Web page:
Lessons in Chemistry 

by Bonnie Garmus 

Reviewed by Wendy Tucker

Bonnie Garmus was 65 years old when this, her first novel, was published in 2022 and this fact should give hope to all those procrastinating writers out there. She was a senior copy writer and the only woman at a meeting where she was yet again spoken over, interrupted, disregarded and her ideas usurped. That night she wrote the first chapter of Lessons in Chemistry while thinking of her mother, a nurse who … Read more »

Chai Time at Cinnamon Gardens  

reviewed by Wendy Tucker
by Shankari Chandran
Ultimo Press
Chandran, a Sydney-based lawyer of Tamil heritage won this year’s prestigious Miles Franklin prize of $60,000. I like to read the winning book, judged by an esteemed group and deemed to be the best book of the year with an Australian theme. I’m still reeling from this confronting and sometimes confusing novel.

I had by-passed it because of its cosy cover and cute title, assuming it was … Read more »

Mrs Death Misses Death

by Salena Godden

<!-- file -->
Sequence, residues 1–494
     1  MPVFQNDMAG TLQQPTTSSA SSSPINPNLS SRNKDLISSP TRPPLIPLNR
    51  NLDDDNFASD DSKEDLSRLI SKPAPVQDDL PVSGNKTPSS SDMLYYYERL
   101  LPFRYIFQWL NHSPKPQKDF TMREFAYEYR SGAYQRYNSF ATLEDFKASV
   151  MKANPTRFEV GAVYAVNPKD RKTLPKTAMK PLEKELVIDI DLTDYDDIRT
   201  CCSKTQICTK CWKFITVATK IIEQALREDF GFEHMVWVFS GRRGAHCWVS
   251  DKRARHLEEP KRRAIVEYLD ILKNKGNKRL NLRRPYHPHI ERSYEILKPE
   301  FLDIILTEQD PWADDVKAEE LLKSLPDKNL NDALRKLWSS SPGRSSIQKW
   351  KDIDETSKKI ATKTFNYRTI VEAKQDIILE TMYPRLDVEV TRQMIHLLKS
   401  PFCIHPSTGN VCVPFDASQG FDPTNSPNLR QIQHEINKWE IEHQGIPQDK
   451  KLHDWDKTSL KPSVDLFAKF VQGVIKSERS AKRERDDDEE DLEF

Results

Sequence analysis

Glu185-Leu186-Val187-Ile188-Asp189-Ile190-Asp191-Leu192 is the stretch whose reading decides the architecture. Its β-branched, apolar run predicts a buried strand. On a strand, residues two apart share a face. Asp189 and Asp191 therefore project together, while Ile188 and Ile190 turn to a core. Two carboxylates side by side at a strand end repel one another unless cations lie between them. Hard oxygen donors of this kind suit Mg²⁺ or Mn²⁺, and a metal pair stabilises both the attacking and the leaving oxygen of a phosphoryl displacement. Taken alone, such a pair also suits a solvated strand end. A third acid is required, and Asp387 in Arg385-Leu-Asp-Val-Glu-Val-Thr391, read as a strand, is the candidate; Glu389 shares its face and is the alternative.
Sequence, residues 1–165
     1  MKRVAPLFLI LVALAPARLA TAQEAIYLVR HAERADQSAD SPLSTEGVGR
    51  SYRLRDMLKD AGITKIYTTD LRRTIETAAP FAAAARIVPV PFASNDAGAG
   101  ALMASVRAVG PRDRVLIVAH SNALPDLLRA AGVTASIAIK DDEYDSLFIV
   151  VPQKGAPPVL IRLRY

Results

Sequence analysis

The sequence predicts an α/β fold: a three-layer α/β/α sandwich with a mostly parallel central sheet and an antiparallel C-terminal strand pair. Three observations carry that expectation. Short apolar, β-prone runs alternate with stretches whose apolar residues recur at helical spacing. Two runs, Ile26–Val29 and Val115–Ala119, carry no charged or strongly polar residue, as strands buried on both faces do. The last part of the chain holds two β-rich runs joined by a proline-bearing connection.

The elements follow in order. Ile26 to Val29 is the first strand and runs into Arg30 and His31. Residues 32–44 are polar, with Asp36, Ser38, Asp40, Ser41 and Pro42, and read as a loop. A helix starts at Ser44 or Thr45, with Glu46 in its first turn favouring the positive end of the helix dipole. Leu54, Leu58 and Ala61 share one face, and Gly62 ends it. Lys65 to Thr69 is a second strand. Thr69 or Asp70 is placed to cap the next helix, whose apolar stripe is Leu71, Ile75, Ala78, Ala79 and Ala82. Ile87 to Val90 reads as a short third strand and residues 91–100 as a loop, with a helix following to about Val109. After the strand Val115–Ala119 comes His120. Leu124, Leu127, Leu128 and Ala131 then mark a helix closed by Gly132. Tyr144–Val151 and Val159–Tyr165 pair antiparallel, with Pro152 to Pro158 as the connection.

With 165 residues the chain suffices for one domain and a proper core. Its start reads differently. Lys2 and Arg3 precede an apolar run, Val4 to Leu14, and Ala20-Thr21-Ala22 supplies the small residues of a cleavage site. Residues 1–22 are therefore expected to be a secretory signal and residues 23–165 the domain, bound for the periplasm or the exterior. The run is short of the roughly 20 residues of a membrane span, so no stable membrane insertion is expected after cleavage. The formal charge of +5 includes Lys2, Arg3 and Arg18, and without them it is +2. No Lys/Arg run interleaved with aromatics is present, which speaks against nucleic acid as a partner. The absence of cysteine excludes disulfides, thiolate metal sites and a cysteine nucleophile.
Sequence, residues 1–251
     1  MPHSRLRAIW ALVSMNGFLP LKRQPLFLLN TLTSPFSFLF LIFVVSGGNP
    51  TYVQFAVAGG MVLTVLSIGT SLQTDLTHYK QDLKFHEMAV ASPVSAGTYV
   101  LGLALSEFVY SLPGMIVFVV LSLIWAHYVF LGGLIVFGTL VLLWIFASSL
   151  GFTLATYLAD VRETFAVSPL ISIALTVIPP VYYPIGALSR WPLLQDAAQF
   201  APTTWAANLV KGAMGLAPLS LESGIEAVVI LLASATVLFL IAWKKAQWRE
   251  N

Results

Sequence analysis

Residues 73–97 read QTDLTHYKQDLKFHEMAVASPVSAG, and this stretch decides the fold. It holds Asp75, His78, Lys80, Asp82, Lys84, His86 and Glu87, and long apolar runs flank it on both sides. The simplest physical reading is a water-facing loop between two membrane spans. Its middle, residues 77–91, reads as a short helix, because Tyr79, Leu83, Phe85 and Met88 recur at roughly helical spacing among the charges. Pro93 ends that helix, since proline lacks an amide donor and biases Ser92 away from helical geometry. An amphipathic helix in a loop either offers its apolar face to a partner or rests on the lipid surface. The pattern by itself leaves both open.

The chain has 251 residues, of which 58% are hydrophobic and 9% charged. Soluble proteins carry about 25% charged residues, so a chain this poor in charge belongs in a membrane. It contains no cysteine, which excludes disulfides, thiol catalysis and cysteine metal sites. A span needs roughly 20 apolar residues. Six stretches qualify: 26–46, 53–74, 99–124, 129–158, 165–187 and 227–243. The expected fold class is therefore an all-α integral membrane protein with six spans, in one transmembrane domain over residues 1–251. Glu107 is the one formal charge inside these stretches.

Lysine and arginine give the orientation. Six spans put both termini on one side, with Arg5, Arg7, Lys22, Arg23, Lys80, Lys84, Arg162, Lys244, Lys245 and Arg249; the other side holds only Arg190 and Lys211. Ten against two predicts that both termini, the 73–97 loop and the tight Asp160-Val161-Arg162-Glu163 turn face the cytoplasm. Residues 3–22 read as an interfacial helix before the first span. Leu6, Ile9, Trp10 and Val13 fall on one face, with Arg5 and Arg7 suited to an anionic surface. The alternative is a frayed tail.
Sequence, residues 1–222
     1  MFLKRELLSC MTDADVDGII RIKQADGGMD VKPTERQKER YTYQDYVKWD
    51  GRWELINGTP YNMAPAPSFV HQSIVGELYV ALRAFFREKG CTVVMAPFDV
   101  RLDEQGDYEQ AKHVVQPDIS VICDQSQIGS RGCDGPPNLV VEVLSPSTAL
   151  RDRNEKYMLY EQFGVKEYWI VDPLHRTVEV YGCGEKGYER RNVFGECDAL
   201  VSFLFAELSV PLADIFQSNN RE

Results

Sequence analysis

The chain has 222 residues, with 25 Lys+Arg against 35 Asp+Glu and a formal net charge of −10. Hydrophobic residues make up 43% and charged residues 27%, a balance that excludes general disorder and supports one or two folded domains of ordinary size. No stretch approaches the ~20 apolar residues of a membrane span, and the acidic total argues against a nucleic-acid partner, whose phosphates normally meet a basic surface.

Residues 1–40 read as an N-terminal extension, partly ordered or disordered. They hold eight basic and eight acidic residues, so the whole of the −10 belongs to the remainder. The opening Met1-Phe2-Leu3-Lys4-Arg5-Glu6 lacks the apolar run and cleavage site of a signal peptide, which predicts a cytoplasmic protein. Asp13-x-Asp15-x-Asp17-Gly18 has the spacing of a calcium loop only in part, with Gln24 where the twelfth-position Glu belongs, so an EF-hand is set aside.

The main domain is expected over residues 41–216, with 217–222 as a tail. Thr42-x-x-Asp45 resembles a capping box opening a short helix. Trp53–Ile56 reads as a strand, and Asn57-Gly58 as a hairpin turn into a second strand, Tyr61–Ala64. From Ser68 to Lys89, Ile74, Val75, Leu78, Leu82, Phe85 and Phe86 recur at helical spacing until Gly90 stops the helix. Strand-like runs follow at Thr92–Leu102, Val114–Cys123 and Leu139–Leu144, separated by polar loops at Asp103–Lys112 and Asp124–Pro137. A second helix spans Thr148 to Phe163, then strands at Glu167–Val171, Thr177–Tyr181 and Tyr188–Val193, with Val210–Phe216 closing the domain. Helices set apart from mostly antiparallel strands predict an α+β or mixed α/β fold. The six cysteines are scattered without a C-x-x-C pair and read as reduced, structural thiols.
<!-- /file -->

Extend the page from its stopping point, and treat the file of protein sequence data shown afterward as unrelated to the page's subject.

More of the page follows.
Reviewed by Wendy Tucker

Salena Godden is an English poet, author, activist, broadcaster, memoirist and essayist. Born in the UK, Godden is of Jamaican-Irish heritage. She is known for the graphic power of her poetry and is considered one of the foremost performance poets in the UK.

This is her debut novel. I had heard a lot about this prize-winning prose/poetry novel and because of the enthusiastic reviews regarding the beauty and … Read more »

Rivers of London

reviewed by Wendy Tucker

by Ben Aaronovitch

How to describe this novel, the first in a series of nine?

It’s a crime novel, a police procedural novel, a fantasy/magical realism novel,

a love letter to London and a commentary on race. And it’s rollicking good fun and totally addictive. I am a fan of good crime writing but not usually of fantasy.

Rivers of London is a … Read more »

Old God’s Time

Reviewed by Wendy Tucker
Sebastian Barry

Old gods’ time is ‘an expression indicating a period beyond memory’ and also applies to a memory from so long ago that it belongs in the time of the old gods, such as those of the Greeks. It is the perfect title for this novel that is all about the struggle with memory, what is real, what is imagined and what is too traumatic, too damaging to be allowed to surface.
… Read more »


by Robbie Arnott 

Text Publishing 

Reviewed by Wendy Tucker

This is the third novel from the Tasmanian Wunderkind, Robbie Arnott. Some readers may have been disappointed as Limberlost seems to be a departure from the previous highly imaginative, magic realism novel Flames, where people burst into flame. Also, a departure from the prize-winning The Rain Heron where a bird made of rain may save a dystopian world. I loved both these amazing novels – although they are far from … Read more »